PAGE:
charging batteries

MrFaulty

Posted: Tue, Mar 7, 2017, 5:56

Hi, I am just wondering, are there many opportunities for charging cameras etc. I'll be camping.

Otherwise can anyone reccomend a good soalr charger for a digital SLR?

Thanks yet again
Ben



Gaffr

Posted: Tue, Mar 7, 2017, 6:59

Hello,
I just have always carried a second battery for my camera. I did carry also a basic phone on my last visit....enough to get a text message back home. At Vizzavona I stayed a night in I Laricci bunkhouse (at the back of the Hotel) where there was the means to charge the unit.
Even as a camper there places en route where it would be possible to charge up a device...perhaps at Col de Verdi, Vallone, Renosu, Ascu etc. where if you take a meal it might be possible?

--

Gaffr



GRRR 20

Posted: Tue, Mar 7, 2017, 7:08

Just ask at the end of every day. Some places will let you charge for free, but I've also come across a notice demanding €1 per hour. Some places don't offer anything, or they just run out of space. One clever trick is to ask people coming the other way what you can expect ahead. Be aware that your devices will often be left unattended. I never heard of anything being stolen, but it is bound to happen sooner or later with all those expensive things lying around. I used a small solar charger on a recent trip. All I can say is that it was better than nothing. Got me no more than 30% charge at its very best.



MrFaulty

Posted: Tue, Mar 7, 2017, 9:33

Thanks. I was looking at a power monkey but quite expensive. My camera is very hungry and chews batteries



Backstroke

Posted: Thu, Apr 6, 2017, 5:58

From my experience in 2016 I would say that you can count on charging being available at least every third night. Best to carry your own charger and some outlets may be all taken. A multi-plug can help on that.



MrFaulty

Posted: Thu, Apr 6, 2017, 6:02

Cheers, I think I best invest in a solar charger by the sounds of things



VHodobay

Posted: Thu, Apr 6, 2017, 9:43

2016 I could charge every other night, but buy a solar charger if you need it later anyway - merely for this trip it is an overkill, I think.



Krylov

Posted: Mon, Apr 10, 2017, 12:05

Hi,
I have a similar question, but specifically for the beginning of May.
As far as I understood, the refuges will be open, although no keepers expected.
Can there be any chance for charging in between Vizzavona and Manganu at that time?

Thank you,
Denis



Backstroke

Posted: Mon, Apr 10, 2017, 18:55

I have no experience with unattended refuges, but any commercial place like a hotel or cafe will have power. For only a few days of travel you might want to consider taking a battery, then you won't need even a charger. Furthermore, ultralight hikers prefer batteries over solar chargers for trips under two weeks. The compact Anker 10000 offers four iphone charges.



Gaffr

Posted: Tue, Apr 11, 2017, 7:20

Hello,
I guess that the previous reply was suggesting taking a spare battery?....something that I have done when away for a bit for use with my camera.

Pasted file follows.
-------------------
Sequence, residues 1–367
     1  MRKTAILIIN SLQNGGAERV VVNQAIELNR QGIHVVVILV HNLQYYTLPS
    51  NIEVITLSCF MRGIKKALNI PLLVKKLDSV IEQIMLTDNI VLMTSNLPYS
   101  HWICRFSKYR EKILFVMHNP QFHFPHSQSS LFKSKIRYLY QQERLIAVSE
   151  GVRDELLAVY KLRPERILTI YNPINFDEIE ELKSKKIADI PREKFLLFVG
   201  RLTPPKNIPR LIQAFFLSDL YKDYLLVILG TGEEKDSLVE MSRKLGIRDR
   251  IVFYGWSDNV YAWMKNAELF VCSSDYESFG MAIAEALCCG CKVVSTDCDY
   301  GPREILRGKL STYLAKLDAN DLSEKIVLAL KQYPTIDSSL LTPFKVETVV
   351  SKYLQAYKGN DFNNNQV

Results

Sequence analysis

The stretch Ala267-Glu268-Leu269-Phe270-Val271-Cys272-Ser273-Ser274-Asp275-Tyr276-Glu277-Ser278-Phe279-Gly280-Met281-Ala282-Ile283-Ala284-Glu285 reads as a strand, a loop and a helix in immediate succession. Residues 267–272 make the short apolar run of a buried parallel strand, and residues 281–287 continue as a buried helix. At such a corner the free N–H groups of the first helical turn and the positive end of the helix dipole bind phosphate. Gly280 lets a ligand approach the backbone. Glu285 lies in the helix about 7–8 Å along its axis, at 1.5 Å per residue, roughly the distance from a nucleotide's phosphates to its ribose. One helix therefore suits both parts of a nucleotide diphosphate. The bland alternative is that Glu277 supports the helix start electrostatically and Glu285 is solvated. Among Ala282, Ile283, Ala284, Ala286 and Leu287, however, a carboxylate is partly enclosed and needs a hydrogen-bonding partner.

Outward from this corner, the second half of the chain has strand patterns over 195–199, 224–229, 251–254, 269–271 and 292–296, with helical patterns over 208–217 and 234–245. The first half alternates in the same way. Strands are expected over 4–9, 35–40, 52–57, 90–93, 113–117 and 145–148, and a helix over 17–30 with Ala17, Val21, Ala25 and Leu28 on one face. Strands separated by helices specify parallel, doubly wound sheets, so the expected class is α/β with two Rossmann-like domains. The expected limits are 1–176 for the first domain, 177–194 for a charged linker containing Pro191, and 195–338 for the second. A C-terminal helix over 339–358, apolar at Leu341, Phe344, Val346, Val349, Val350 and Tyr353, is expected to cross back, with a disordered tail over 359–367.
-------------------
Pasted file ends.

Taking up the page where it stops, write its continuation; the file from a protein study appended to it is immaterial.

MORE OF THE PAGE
Vizzavona through to Manganu has several 2000 mtr. plus cols to get over. The refuge l'Onda is around 1400 mtrs. is possibly the easiest one of the three refuges for the guardians to reach?...It looks as if the track up to Tolla would be 4x4 terrain. Petra Piana, from what I recall is at around 1800 mtrs. and Manganu refuge is is aound 1600 mtrs.
The first time on the route we went by way of the lower route and had a sharp turn to the right after Tolla to get up to l'Onda. The alterative route via the Crete, a more direct and interesting stage, has parts above 2000 mtrs.
Keep in touch with the PNRC blog to get information on the snow cover.

Assuming that you are starting your walk at Vizzavona....if the weather conditions/remaining snow are poor you do have the option of heading South from Vizzavona.

--

Gaffr



Krylov

Posted: Tue, Apr 11, 2017, 8:23

Thank you! I was trying to avoid taking big batteries, but it appears to be the only way.
Regarding the route planning, I am currently making the plans "B" and "C" in order to be flexible.
Yes, I was impressed by the latest pics from the PNRC blog..



Gaffr

Posted: Tue, Apr 11, 2017, 8:35

Hello Krylov,
Have a good trip wherever it takes you to and let us know where you got to....a wee report on here would be useful to those walking a bit later into May.

--

Gaffr



buster30

Posted: Fri, Apr 14, 2017, 11:20

I took an Anker solar panel which you can attach to your rucksack during the walk. I used that to charge a pebble portable battery pack which then charged my phone at night. Bought both for under£50



Mountain Runner

Posted: Mon, Apr 17, 2017, 22:26

We used an Anker PowerPort solar panel (21W) to charge a portable charger while we were moving during the day, and used the portable charger to charge our phones and cameras at night. As we were hiking and camping as a group of three we took turns to carry the solar panel (it weighs 0.5kg) each day.

For us it was worth the extra weight to be able to charge everything when we needed to, and at under £50 it was a worthwhile investment. I bought the solar panel specifically for our GR20 trip, but now use it all the time to get free electricity from the sun!